Yemen Plot Puts Guantanamo Detainees In Limbo Fifty-seven of the men had been approved to return home, or to third countries. Last year's failed Christmas Day plot, which was also traced to Yemen, forced the White House to suspend those plans. Last week's bomb plot puts two strikes against the detainees.
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Yemen Plot Puts Guantanamo Detainees In Limbo

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Yemen Plot Puts Guantanamo Detainees In Limbo

Yemen Plot Puts Guantanamo Detainees In Limbo

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This is MORNING EDITION from NPR News. Good morning, I'm Renee Montagne.


And I'm Steve Inskeep.

News of package bombs shipped out of Yemen may have consequences, not for the intended targets but for detainees at Guantanamo Bay. As we heard yesterday, the plot is linked to an al-Qaida group whose key members were in custody in the past, which does not help Yemenis in custody now.

NPR's Carrie Johnson reports.

CARRIE JOHNSON: The future had already been looking pretty grim for a group of detainees from Yemen. Dozens of the men had been approved to go back home or to third countries. Then last Christmas, investigators traced the underwear bombing plot to an al-Qaida group in Yemen, and the White House suspended plans to send them back to the worsening security situation there. Now with the discovery that explosives have been mailed from Yemen's capital, there are two strikes against the detainees.

David Remes is a human rights lawyer who happened to be in Yemen, visiting clients when the news broke.

Mr. DAVID REMES (Attorney): I don't think that President Obama is going to return the Yemenis to Yemen until it's politically feasible for him to do so. And frankly, I'm not sure when that will ever be.

JOHNSON: Remes says the security situation in Yemen and the politics in the U.S. are creating a cruel irony. Consider this. On Sunday, a military judge sentenced a young Canadian detainee to serve one more year at Guantanamo after he pleaded guilty to war crimes, including killing a U.S. soldier on the battlefield. So a detainee who's pleaded guilty could go home to Canada next year; while the men from Yemen who have been cleared for release remain stuck in limbo.

Mr. REMES: It's a terrible irony, that these men who have been through criminal proceedings are getting out before the men who have not been accused at all.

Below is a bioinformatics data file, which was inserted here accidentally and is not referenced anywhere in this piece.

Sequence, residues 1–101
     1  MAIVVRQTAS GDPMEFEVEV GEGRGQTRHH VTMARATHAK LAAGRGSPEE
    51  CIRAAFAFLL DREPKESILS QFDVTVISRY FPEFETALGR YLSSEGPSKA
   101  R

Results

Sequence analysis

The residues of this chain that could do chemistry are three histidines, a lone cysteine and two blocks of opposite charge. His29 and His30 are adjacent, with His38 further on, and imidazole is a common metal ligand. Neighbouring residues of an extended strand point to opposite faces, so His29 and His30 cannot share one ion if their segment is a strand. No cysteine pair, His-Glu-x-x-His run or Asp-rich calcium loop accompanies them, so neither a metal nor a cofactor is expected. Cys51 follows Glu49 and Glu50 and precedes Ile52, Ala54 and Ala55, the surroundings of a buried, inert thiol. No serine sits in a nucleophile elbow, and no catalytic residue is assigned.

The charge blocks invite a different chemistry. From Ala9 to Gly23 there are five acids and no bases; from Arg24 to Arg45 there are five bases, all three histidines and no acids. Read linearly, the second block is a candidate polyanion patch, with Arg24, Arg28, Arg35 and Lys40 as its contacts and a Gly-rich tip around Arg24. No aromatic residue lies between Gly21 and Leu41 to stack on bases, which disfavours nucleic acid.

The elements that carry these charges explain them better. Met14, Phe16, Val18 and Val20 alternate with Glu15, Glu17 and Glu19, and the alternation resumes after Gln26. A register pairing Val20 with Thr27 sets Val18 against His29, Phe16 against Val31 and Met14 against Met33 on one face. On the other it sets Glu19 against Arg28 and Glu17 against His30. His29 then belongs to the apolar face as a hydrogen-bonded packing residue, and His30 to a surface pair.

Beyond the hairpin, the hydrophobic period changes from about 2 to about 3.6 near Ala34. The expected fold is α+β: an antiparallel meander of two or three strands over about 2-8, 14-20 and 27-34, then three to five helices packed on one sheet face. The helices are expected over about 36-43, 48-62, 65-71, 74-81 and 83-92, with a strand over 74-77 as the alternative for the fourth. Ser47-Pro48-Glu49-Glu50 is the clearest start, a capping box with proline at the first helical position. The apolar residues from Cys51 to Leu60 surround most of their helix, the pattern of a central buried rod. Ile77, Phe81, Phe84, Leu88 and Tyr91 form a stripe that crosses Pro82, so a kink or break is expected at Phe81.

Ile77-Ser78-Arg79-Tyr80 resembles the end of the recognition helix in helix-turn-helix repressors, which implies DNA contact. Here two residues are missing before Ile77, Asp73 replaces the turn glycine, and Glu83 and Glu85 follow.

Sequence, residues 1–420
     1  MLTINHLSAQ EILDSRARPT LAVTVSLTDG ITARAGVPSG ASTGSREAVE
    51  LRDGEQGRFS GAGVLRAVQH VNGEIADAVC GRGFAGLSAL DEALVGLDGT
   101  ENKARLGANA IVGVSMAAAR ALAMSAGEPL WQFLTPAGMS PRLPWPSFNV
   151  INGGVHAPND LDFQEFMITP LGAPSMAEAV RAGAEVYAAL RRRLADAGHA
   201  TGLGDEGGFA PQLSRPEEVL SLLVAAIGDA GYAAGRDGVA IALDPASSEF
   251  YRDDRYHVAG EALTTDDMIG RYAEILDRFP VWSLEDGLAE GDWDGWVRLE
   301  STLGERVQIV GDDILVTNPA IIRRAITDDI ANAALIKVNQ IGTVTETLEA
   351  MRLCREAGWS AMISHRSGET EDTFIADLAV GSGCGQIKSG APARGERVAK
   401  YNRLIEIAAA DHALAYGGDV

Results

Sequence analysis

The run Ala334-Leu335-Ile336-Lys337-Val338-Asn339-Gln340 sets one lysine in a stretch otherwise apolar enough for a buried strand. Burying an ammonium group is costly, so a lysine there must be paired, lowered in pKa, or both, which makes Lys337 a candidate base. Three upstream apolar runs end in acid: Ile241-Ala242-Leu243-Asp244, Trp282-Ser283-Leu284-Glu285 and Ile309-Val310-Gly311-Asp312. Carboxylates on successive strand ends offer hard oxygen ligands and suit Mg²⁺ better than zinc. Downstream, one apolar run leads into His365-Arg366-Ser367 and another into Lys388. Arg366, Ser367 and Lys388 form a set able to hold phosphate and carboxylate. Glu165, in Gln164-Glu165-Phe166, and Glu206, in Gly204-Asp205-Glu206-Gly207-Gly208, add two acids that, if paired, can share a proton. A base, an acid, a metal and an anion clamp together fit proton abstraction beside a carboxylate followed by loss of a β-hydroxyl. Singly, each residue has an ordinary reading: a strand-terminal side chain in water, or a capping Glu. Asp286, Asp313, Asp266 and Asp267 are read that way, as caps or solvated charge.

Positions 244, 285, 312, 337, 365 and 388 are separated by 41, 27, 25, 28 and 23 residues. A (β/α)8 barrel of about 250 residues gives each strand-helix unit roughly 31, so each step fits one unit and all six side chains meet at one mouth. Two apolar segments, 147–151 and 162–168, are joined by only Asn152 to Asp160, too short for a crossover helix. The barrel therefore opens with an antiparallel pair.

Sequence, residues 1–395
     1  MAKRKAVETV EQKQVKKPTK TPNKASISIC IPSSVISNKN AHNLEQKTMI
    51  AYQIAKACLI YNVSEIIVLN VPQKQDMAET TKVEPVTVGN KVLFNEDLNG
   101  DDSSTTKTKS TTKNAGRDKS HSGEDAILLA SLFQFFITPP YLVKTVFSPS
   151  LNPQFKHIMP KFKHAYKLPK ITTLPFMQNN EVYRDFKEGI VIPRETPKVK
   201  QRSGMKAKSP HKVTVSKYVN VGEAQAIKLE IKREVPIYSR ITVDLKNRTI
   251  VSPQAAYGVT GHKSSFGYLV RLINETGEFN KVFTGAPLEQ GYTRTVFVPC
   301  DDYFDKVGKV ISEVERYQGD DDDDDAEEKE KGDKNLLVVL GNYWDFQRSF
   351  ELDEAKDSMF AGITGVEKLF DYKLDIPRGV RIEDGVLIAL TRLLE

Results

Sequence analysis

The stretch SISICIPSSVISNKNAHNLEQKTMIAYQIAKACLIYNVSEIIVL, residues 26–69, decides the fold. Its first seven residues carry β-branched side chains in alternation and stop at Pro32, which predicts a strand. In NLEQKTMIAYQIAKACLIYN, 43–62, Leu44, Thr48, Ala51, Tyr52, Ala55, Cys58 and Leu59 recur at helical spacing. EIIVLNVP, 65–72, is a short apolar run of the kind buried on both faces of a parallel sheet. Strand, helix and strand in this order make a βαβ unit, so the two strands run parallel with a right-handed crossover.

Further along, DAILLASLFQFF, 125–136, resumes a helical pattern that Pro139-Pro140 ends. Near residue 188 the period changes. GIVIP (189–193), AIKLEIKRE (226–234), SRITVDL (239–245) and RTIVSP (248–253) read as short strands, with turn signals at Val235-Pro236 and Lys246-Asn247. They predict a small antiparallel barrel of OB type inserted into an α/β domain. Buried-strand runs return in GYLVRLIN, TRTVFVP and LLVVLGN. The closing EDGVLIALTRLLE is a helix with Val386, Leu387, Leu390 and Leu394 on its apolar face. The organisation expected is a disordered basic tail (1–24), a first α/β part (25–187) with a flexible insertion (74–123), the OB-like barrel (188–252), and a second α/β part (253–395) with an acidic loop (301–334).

JOHNSON: What to do about the 57 men from Yemen? Some of the proposals on the table, including one by South Carolina Republican Senator Lindsey Graham, would make sure that detainees held for long periods of time receive regular reviews from a court. But Graham's bill has gone nowhere, as he noted in a speech in September to the American Enterprise Institute. No matter how you look at it, Graham says, the politics are next to impossible.

Senator LINDSEY GRAHAM (Republican, South Carolina): Congress has been AWOL. Democrats are scared to death to talk about this, and most Republicans just demagogue. Other than that, things are going great.

JOHNSON: For now, the Obama administration is relying on its legal authority under a 2001 act of Congress, to hold detainees from Yemen and other countries for long periods of time without criminal charges or trials.

Columbia University law professor Matthew Waxman says so far, the courts have mostly agreed with that approach. But, we're getting farther away from the September 11th attacks and the congressional authorization to use force.

Professor MATTHEW WAXMAN (National Security/International Law, Columbia University): One important open question is for how long does the executive branch feel confident it can rely on that authority, and for how long will courts continue to uphold the executive branch's authority in relying on that?

JOHNSON: Left-leaning groups don't want Congress to pass a law on indefinite detention, because they object to the idea someone can be held for long periods without a trial. And many conservatives think the laws of war already cover these situations. So, they say, there's no need for Congress to weigh in. That leaves the Obama White House and the fate of the 57 Yemenis stuck in the middle.

Carrie Johnson, NPR News, Washington.

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